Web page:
Wall Painting

Wall painting is a pretty straightforward exercise. As long as you are careful not to slop paint around and mask off all areas you do not want painted, it goes pretty fast. One tip, while shopping make sure you pick up an extension pole for the paint roller. It will save you from hauling around a ladder.

While we can not help you with the color you want to use, we can give you some pointers about what kind of paint to use. For "normal" rooms, I prefer a flat latex paint. If applied with a roller, it will help hide any flaws in the wall. You can use oil if you like but it smells more and dries slowly. For high-traffic areas and kitchens, I prefer a "satin" or "semi-gloss" paint as they seem to endure scrubbing and cleaning better. Bathrooms are their own special case and require "bathroom" paint. Bathrooms are not extensively covered in this project. Click here for a short discussion on primers.  Trim is normally painted with a semi-gloss or gloss paint.

This Project article covers painting an interior room with a roller.

Painting the wall

Painting the wall

Level of Difficulty

Time Required:
 4 hours
Tools:
Paint brush
Roller and tray
Drop cloth
Respirator
Materials:
Paint
Masking tape
Safety Precautions
Ensure that there is adequate ventilation.
Use respirator.

Prepare to Paint

The first step is to prepare the surface for painting. If you are painting the entire room, paint the ceiling first. The methods used on the walls are the same as the ceiling.

Remove any loose paint and debris from the wall. If the area that you are painting is a kitchen or bathroom it is an excellent idea to clean the wall with a mild solution in order to remove any grease and/or soap that might be present. If you are painting over gloss or semi-gloss paint, it is a good idea to scuff sand the surface. Using a 120 grit piece of sandpaper, lightly sand the surface. Not so much that you sand into the paint but enough to roughen the surface. You have to give the new paint the best possible surface to adhere to. A good primer will help.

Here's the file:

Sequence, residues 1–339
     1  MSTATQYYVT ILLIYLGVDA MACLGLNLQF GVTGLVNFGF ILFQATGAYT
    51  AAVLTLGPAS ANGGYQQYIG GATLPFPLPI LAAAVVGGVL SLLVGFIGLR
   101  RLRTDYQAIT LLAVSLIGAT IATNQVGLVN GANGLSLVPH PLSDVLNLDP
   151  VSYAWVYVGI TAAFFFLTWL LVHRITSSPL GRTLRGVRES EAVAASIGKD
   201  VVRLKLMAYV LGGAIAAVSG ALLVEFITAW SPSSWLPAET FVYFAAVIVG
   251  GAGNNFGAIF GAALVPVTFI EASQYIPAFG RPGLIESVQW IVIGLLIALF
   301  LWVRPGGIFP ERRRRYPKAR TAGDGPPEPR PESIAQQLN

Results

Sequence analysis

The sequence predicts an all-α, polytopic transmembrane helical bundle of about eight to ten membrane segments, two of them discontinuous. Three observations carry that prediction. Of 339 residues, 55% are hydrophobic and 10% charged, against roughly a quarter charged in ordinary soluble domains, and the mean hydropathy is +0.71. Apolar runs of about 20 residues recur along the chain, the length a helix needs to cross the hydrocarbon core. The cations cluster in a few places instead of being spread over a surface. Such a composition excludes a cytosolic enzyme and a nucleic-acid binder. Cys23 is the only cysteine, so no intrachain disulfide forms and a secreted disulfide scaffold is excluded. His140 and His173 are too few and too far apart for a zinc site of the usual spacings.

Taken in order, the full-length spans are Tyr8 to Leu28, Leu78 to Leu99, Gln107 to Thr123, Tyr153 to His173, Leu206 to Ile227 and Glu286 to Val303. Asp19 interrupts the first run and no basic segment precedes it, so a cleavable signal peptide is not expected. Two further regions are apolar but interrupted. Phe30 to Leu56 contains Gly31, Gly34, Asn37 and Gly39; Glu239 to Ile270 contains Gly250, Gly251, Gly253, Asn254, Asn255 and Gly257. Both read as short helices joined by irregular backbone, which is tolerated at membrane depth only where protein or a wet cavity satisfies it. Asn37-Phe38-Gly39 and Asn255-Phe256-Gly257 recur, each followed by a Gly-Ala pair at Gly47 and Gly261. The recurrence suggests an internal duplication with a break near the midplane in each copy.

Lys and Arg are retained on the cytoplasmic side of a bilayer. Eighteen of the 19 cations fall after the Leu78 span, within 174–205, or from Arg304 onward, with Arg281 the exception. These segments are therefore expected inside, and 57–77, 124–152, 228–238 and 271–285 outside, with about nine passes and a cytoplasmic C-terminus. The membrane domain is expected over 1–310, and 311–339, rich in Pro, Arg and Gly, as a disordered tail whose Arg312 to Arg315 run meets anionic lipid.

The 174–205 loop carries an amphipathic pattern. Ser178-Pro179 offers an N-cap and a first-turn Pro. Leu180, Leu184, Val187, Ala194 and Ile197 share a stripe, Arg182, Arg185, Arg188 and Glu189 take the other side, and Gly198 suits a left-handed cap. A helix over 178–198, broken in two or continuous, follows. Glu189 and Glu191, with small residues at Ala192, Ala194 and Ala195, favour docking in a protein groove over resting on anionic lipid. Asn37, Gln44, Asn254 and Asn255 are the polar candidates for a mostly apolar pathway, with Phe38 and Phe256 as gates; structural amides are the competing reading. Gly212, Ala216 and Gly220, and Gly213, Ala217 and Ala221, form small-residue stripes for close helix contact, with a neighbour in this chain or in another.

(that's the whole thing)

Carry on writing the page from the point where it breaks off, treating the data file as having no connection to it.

When the wall is clean and any debris cleaned up, put down a drop-cloth to catch any paint splatters. If you are really good with a trim brush you might skip masking the trim off but, for the rest of us, it is best to mask off any areas that you do not want to get paint on. These might include moldings around doors, windows or baseboards. Use masking tape, it is available at the paint store and it does not stick so tightly as to pull wallpaper or painting from surfaces. I find the blue 3M tape works best. It does not "shred" like the traditional yellow masking tape and comes up easier.

Safety Note

Before opening any paint, it is appropriate to talk a bit about safety. You should wear eye-protection when painting and provide adequate ventilation. Paint contains solvents that are harmful to humans. Check the container for specific warnings. Make sure that you open some windows and use a fan to provide adequate ventilation. If this is insufficient, use a respirator, increase ventilation or leave the area.

Safety Note:

Apply masking tape

Apply masking tape